Manage Your Business
How four successful entrepreneurs find balance
This story is part of the Chase Guide to Powering Your Business in 2018. It is brought to you by Chase Business Banking.
Work-life balance is tricky for most modern workers. But for many small business owners, balance can seem impossible to achieve—especially in the early stages of launching an enterprise. It's difficult enough to find time to unwind, connect with friends and family, exercise or even watch an episode or two of a TV show when you work a standard 40-hour-a-week job, never mind while pouring what can feel like every last waking hour into a beloved business venture.
With 2018 and resolution season rapidly approaching, we reached out to successful entrepreneurs to find out how they've managed to find a bit more harmony between their business and personal lives.
Don't wait for the weekend
Bob Bentz , president of both Advanced Telecom Services and the mobile-first digital agency Purplegator, says that if he put off hobbies, exercise, and fun outings until the weekend, he'd likely never fit in any leisure pursuits at all.
"There's never enough time in the day, and chances are I'm going to work over the weekend," says Bentz, who is also the author of "Relevance Raises Response: How to Engage and Acquire with Mobile Marketing." So he makes a point of scheduling extracurricular activities during the work week—fitting softball practice, baseball games, and concerts in alongside his side-gig teaching courses at the University of Denver.
If his schedule seems packed, it's by design. "You have to make yourself do the things you want to do," he says, adding, "otherwise you end up just staying at work too long."
Allow yourself to meld work and life
While the classic advice is to separate work and play, some entrepreneurs find the opposite works better for them. Kristin Messerli, founder of Cultural Outreach Solutions, which helps financial institutions better serve millennial and multicultural clients, often tries to work from places she enjoys being, whether it's a coffee shop or a park in a town she's visiting. If she's writing at night, she'll turn on techno music and drink a glass of wine. "I want my work to feel like something I'm doing with my life," she says, "not something I need to get done so that I can live my life later."
Messerli, who also sits on several boards and speaks at several conferences each month, says she applies the same strategy to managing her two employees, making sure to take an interest in what is going on in their personal lives as well as their current work projects.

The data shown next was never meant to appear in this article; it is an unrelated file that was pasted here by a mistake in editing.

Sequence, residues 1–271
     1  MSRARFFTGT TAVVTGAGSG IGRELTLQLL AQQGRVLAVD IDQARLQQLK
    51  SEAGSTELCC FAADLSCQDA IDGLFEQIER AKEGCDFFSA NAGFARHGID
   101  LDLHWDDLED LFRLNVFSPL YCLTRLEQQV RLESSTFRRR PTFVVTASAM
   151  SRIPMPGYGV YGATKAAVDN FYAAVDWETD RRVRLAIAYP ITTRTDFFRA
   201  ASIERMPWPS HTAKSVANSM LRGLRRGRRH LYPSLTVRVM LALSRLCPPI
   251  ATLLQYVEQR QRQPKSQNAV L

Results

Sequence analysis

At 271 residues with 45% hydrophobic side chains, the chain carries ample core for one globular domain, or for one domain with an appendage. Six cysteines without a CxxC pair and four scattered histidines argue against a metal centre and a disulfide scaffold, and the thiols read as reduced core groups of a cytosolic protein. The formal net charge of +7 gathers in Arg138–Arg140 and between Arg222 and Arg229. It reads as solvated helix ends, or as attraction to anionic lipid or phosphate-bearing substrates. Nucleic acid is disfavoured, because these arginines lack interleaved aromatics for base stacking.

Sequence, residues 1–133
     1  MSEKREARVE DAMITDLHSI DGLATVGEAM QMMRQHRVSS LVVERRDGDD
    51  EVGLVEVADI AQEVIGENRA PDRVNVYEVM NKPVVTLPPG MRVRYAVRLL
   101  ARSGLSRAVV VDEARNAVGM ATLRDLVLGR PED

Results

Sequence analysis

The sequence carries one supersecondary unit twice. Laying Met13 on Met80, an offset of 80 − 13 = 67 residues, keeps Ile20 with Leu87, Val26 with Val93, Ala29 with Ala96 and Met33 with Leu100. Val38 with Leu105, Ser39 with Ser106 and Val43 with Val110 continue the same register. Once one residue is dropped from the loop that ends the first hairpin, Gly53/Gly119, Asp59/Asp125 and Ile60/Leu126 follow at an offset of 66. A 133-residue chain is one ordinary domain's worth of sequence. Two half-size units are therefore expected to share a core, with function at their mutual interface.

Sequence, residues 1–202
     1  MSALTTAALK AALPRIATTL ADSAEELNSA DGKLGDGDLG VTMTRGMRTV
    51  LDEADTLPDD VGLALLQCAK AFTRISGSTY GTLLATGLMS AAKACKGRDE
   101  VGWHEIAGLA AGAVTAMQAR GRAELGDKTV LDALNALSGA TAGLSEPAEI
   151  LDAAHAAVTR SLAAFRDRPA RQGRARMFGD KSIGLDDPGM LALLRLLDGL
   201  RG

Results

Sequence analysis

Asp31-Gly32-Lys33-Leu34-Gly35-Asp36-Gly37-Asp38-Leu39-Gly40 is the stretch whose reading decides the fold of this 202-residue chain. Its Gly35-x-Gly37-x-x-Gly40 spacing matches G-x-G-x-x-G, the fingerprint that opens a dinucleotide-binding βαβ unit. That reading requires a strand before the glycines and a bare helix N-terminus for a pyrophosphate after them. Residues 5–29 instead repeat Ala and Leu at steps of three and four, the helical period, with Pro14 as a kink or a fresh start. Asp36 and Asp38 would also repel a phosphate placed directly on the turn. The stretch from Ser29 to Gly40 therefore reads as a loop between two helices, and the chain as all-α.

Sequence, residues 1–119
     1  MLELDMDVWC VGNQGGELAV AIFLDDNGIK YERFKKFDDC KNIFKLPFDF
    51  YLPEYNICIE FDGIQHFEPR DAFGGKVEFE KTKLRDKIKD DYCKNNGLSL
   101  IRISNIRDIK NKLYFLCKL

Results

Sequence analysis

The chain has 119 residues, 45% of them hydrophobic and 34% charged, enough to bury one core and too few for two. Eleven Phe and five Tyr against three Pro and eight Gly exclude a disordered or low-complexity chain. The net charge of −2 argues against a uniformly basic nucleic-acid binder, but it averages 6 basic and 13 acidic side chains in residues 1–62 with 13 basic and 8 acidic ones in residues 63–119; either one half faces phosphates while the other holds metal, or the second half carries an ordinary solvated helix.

This integrative approach doesn't mean that Messerli is tied to technology 365 days a year, however. Another personal rule: when on vacation, she disconnects completely.
Practice mindfulness, every day
Karen Bonner, co-founder and finance director of the Portland, Oregon-based organic ketchup and condiment company Red Duck Foods, says that daily meditation helps her to stay calm, no matter what's going on at work and in life. "When unexpected things do happen, I'm better equipped to deal with them and still see the big picture," she says.
Overwhelmed at the idea of adding daily meditation to your already towering to-do list? Try breaking down the task into smaller, more manageable goals. Bonner , who says it took her a decade to fully adopt the daily meditation practice, started by trying to meditate 30 days in a row. "After I did that it became easier," she says.
After seeing the benefits of meditation, Bonner incorporated other wellness-oriented habits into her daily routine, from yoga stretches before bed to prioritizing time spent outdoors. That helps her stay grounded, even through the busiest times such as quarterly closes and trade shows.
Tap into technology
Aditi Tandon, founder of career platform Maroon Oak, says she looks to technology and apps to help her carve extra minutes out of her day. The app Trello, for example, helps her create separate work and family to-do lists: Paprika helps with meal-planning, and she uses WhatsApp as a messaging group for carpools.
Moreover, says Tandon, who founded two other businesses before Maroon Oak, entrepreneurs need to redefine what balance means for them."It conjures an image of equal sides, when we entrepreneurs actually live in a different reality," she says.
Some days you may push out a deadline and time spent with family comes first. On others, a new project coming to fruition will be a win for the business—even if it comes at the expense of working several weekends in a row.
"I don't have the answers, but I try to do my best with a good heart," she says. "You have to find what works for you."
Brian Honigman is a Chase News contributor. His work has appeared in The Wall Street Journal, and Entrepreneur.